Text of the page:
In Garcia v. Roberts, she wrote about the “manner that bar admission rules in the nineteenth century unlawfully discriminated against women and African–American applicants.”
“Plaintiff Bukola Alibalogun (‘Alibalogun’) is a woman of African descent,” she said in Alibalogun v. First Coast Security Solutions, Inc.
She introduced a plaintiff similarly in Perry v. Colvin: “Plaintiff, Janell Perry, is a 46-year old woman residing in Washington, DC.”
In Beshir v. Jewell, she explained “Shirlean Beshir (‘Beshir’ or ‘Plaintiff’) is an African–American woman who was fifty-one years of age during the summer and fall of 2007.”
And in Austin-Spearman v. AARP & AARP Services Inc.: “Plaintiff Ethel Austin–Spearman is an internet savvy woman.”
Again, in Lawson v. Sessions: “Sheila Lawson is an African–American woman who began her employment as a Special Agent (‘SA’) with the FBI on October 15, 1995.”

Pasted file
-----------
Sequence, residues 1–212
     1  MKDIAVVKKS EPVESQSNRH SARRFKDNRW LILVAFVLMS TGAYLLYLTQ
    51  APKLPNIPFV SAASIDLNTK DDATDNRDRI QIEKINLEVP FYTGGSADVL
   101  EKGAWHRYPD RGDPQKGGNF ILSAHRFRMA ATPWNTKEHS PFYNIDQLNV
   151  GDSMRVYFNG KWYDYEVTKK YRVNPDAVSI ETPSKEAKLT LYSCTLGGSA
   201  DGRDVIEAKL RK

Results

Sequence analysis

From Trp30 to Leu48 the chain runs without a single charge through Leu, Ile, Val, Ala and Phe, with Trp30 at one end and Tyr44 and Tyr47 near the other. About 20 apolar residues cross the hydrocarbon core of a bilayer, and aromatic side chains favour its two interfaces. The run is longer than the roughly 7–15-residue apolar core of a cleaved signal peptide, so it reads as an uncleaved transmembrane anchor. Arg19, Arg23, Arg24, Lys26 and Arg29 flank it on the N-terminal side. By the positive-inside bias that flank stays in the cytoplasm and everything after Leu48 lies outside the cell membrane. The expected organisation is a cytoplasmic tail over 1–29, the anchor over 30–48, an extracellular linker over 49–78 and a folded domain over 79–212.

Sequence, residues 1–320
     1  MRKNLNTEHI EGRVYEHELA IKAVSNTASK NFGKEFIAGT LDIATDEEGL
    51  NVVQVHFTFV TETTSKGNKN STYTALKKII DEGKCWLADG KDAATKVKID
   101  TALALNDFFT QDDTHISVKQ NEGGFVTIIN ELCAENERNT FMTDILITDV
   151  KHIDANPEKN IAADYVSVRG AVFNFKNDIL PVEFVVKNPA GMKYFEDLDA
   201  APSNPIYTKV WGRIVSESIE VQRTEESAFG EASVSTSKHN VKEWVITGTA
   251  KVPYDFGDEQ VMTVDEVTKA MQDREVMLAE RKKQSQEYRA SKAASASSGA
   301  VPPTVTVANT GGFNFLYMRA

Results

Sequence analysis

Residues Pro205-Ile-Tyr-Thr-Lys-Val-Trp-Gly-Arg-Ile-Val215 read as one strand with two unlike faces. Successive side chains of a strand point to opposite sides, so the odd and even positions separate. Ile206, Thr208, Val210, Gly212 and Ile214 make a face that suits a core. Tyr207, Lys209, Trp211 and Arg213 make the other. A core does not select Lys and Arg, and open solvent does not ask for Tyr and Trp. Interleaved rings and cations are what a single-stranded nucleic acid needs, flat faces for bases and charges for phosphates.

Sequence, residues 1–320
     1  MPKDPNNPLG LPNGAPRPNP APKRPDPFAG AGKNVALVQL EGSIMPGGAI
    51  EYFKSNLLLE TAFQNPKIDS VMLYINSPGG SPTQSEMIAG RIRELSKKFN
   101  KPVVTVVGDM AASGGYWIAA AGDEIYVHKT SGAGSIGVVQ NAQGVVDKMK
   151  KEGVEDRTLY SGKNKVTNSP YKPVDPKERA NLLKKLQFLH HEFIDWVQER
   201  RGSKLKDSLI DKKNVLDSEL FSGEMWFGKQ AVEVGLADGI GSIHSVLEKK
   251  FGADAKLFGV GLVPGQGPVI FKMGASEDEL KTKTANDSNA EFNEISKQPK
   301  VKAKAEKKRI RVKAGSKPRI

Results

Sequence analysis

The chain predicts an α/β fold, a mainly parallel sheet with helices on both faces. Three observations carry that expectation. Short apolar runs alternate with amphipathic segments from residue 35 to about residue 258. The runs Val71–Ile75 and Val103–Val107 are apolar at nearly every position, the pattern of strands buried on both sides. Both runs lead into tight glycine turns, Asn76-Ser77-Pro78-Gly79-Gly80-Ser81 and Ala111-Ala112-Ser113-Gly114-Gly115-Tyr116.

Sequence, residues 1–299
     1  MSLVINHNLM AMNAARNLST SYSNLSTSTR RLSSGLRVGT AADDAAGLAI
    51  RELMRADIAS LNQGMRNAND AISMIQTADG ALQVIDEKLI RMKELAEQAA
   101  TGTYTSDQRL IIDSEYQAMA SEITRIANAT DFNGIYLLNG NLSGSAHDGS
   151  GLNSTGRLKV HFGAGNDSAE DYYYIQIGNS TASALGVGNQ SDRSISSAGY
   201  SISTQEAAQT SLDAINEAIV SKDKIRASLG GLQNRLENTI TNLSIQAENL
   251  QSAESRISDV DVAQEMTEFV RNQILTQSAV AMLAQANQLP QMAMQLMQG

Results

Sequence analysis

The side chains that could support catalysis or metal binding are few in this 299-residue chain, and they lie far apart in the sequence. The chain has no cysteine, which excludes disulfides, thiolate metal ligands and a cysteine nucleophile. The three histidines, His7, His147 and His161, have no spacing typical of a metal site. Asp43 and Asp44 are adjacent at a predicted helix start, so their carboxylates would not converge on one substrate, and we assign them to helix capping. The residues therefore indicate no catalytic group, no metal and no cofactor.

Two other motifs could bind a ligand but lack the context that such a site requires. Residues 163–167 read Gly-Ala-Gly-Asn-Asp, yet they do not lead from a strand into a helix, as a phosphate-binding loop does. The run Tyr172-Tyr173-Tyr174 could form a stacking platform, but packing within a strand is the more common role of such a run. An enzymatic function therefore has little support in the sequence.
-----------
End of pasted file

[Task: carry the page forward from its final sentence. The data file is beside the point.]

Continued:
In her description of plaintiff Geraldine Campfield in Campfield v. Commissioner of Social Security, Jackson wrote, “At the time of the alleged onset of her disability, Plaintiff was a 51-year-old woman.”
In United States v. Georgieff, she noted that defendant Jordan Georgieff had “married a second woman, Dariana Borisova,” while still married to his former wife.
Jackson repeatedly referred to “woman-owned small businesses” in her opinion in Rothe Development, Inc. v. Department of Defense.
In United States v. Hillie, a child pornography case, the judge wrote that “Charles Hillie (who was born in November of 1983) became romantically involved with a woman.”
Repeatedly using a word she says she “can’t” define is not a good look for a potential Supreme Court justice. Blackburn should ask Jackson: What did you mean by “woman” all of those times you said and wrote it?
Elle Reynolds is an assistant editor at The Federalist, and received her B.A. in government from Patrick Henry College with a minor in journalism. You can follow her work on Twitter at @_etreynolds.